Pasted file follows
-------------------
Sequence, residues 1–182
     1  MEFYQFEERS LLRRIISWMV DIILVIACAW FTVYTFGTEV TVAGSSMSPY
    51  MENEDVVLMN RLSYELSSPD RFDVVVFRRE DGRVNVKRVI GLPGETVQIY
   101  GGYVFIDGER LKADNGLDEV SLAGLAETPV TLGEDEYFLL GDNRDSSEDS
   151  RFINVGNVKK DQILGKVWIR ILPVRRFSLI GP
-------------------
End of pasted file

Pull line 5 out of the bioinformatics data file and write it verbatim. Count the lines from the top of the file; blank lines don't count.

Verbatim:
   151  RFINVGNVKK DQILGKVWIR ILPVRRFSLI GP